Although the American Standard Code for Information Interchange (ASCII) works for most of us, it only allows a set of 256 characters to be used to describe the alphanumeric characters available to print. That range, 0 to 255, is used because it is the size of a "byte" - eight ones and zeroes in computing terminology. Languages such as Russian, Korean, and Japanese have special characters in them, which means you need more than 256 characters, and therefore need more than one byte of space - you need a multibyte character.
Dealing with these complex characters is a little different to working with normal characters, because functions like substr() and strtoupper() expect precisely one byte per character, and will corrupt a multibyte string. Instead, you should use the multibyte equivalents of these functions, such as mb_strtoupper() instead of strtoupper(), mb_ereg_match() rather than ereg_match(), and mb_strlen() rather than strlen(). The parameters required for these functions are the same as their original, except that most accept an optional extra parameter to force specific encoding.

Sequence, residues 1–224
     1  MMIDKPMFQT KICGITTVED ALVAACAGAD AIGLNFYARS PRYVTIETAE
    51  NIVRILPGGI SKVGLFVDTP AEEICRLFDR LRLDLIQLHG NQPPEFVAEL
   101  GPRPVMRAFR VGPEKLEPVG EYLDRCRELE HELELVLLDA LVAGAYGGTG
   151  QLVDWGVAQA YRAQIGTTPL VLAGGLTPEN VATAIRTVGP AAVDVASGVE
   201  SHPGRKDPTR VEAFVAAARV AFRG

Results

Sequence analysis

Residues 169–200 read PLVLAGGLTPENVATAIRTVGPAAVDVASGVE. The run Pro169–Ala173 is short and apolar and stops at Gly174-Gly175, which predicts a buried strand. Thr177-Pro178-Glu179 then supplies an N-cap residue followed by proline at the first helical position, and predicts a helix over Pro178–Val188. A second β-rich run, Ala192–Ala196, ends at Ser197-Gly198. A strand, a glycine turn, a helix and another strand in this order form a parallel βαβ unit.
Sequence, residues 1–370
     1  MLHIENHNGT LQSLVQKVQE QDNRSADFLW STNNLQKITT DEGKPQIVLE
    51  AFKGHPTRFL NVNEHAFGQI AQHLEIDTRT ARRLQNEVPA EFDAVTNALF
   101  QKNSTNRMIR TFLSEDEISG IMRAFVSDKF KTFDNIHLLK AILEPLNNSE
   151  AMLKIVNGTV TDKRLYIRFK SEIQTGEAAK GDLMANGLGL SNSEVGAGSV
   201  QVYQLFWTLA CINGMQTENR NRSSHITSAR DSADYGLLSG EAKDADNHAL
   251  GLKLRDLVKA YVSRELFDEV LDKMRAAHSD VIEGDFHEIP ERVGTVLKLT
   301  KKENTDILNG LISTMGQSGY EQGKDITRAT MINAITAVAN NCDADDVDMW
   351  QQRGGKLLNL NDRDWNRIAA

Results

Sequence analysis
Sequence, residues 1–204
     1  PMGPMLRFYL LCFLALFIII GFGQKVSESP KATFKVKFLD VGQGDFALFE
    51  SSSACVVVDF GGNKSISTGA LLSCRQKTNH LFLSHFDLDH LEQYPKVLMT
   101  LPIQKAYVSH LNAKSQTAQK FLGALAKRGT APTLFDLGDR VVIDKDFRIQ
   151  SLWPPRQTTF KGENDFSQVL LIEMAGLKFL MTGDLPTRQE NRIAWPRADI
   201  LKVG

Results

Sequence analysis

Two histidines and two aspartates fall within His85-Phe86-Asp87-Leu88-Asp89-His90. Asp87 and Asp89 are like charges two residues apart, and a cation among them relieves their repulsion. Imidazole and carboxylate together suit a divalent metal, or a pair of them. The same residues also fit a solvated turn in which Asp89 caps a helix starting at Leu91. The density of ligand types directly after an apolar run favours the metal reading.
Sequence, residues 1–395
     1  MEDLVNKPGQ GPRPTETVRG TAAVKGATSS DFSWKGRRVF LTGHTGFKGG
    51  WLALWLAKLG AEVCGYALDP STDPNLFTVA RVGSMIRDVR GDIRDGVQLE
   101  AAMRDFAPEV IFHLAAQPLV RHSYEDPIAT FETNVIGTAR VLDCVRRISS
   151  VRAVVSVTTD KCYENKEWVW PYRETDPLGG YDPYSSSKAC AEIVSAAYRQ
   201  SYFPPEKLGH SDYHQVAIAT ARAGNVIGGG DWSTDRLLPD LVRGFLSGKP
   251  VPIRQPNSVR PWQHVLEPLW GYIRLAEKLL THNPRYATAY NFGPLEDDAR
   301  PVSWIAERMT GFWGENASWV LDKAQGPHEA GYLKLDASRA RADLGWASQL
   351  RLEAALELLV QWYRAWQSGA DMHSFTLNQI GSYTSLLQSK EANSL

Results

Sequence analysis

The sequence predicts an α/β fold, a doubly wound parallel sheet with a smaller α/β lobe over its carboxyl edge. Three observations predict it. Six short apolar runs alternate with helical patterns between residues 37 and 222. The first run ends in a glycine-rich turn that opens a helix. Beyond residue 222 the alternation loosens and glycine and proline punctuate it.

So, working with multibyte strings is easy for the most part, there is one exception: what do you do with an existing script you'd like to multibyte enable? To cope with that scenario, there's a special php.ini setting: mbstring.func_overload. By default this is set to 0, which means functions behave as you would expect them to. If you set it to 1, calling the mail() function gets silently rerouted to the mb_send_mail() function. If you set it to 2, all the functions starting with "str" get rerouted to their multibyte partners. If you set it to 4, all the "ereg" functions get rerouted. You can combine these together as you please by simply adding them - for example, for "mail" and "str" rerouting you add 1 and 2, giving 3, so you set mbstring.func_overload to 3 to overload these two. To overload everything, set it to 7 - 1 ("mail") + 2 ("str") + 4 ("ereg").
PHP 7, which has been under development almost as long as Perl 6, will bring with it full support for Unicode. Hurrah!
Next chapter: Undocumented functions >>
Previous chapter: The declare() function and ticks
Home: Table of Contents
Copyright ©2015 Paul Hudson. Follow me: @twostraws.